It's not just a book thing!
On Friday morning at the Cotils, Sir Andrew Motion lead a calm discussion about writing poetry, speaking about emotions, control, intensity, sound. A thoughtful, thought-provoking gentleman, his softly-spoken style only added more authority to his carefully-chosen words. After about an hour he set us the task of writing a twelve line poem and a quick half an hour of activity later, we read our endeavours back to the group. Everyone did themselves proud and, as always, it was good to spend time with a group of people working towards similar goals.
When I got into town it was immediately obvious that a Literary Festival was up and running – the Hub was back and there was a Tardis in the library. I found a stall run by The Open Road Books, a fantastically well-stocked store of second-hand paperbacks and picked up a good haul – Italo Calvino, Patrick Suskind, Nicholson Baker, Tibor Fischer – all for just eight Guernsey pounds! They’re in town for the rest of the weekend, so make sure to visit and replenish your bookshelves.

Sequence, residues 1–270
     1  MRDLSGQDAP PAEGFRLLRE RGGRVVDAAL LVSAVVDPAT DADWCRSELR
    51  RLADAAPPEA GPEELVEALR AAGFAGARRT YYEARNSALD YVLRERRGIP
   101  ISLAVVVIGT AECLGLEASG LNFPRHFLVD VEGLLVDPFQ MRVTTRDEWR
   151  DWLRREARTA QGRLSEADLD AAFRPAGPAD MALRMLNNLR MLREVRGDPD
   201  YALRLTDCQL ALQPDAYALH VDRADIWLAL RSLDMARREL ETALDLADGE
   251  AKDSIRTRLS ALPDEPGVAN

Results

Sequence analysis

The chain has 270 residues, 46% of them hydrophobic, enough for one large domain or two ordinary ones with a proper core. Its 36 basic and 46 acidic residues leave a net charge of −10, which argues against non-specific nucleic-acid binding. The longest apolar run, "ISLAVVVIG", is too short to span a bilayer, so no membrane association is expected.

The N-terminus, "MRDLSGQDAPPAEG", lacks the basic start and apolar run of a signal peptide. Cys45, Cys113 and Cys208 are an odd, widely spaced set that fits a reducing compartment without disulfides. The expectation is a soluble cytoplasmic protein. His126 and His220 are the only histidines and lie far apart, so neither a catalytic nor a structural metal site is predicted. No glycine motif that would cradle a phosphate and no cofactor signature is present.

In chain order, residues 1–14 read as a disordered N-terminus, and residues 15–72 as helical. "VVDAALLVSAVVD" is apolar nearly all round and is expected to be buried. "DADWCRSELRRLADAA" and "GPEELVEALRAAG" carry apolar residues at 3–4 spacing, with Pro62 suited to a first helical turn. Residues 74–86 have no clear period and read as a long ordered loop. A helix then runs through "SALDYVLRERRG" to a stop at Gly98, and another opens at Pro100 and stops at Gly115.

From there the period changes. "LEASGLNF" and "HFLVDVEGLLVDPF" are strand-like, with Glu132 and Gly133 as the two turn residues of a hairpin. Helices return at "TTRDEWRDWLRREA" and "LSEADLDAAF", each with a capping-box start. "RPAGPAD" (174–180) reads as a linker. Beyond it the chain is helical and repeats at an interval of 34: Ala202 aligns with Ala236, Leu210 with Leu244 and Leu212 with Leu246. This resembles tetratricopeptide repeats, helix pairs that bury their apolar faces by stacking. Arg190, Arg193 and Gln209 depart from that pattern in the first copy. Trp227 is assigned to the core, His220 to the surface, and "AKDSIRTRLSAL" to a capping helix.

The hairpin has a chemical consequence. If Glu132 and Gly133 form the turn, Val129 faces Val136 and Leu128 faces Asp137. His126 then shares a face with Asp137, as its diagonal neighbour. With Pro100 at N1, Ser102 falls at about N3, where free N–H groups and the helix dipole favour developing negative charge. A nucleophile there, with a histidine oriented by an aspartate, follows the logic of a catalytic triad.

But if you’re struggling to decide what to read, you might need a book doctor. One was on hand in The Hub when Ella Berthoud, bibliotherapist with the School Of Life, presented her reference book The Novel Cure and told us what we should read to conquer our murderous thoughts (Therese Raquin by Emile Zola) or to rid us of apathy (The Postman Always Rings Twice by James M Cain). As well as reading excerpts from the book, she talked about how she and co-author Susan Elderkin went about compiling such an innovative reference book. There’s still time to book a one-on-one bibliotherapy session with Ella – having done one of these last year I can fully recommend it.
Luke Wright, who seemed animated by similar impulses to previous Litfest performer John Cooper Clarke, had the crowd in stitches (by which I mean he was very funny, not that he beat them up) with his theatrical poems that brought exotic Essex to life. Litty, witty bar band Police Dog Hogan lead the audience into a sing-a-long and got them dancing, then proceed to sell (and dutifully sign) a lot of tea towels. Black Kat Boppers didn’t have tea towels, but were nevertheless an irresistibly tight unit who (rocked and) rolled all over the show, turning the dancefloor into a blur of activity.